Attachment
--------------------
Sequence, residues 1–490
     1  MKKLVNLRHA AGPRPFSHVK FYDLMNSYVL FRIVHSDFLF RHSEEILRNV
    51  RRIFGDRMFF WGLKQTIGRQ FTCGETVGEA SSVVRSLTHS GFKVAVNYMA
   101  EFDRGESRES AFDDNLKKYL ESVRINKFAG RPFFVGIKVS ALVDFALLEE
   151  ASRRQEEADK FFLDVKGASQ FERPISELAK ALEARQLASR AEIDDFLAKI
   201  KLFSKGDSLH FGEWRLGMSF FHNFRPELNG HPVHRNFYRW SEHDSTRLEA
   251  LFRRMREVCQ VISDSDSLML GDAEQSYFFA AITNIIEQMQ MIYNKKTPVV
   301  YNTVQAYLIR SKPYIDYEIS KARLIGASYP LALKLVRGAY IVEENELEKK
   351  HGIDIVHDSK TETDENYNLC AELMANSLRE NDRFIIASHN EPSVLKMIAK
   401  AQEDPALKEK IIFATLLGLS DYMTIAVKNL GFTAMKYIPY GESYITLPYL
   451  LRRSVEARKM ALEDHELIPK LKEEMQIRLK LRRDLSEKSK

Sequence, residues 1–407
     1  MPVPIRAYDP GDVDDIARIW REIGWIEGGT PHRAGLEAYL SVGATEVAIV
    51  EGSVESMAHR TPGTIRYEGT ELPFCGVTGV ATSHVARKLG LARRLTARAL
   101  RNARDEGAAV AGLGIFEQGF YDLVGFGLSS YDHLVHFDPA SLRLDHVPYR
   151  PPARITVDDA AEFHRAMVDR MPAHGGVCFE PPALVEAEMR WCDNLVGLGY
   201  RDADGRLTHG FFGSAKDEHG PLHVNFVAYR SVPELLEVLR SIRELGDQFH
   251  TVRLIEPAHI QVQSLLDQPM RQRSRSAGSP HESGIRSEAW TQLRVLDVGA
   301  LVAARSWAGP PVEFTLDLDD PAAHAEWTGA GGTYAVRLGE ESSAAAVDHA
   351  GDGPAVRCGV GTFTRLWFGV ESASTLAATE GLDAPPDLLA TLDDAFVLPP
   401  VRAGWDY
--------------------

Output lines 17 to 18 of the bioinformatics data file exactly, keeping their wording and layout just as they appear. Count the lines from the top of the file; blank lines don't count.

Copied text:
   201  RDADGRLTHG FFGSAKDEHG PLHVNFVAYR SVPELLEVLR SIRELGDQFH
   251  TVRLIEPAHI QVQSLLDQPM RQRSRSAGSP HESGIRSEAW TQLRVLDVGA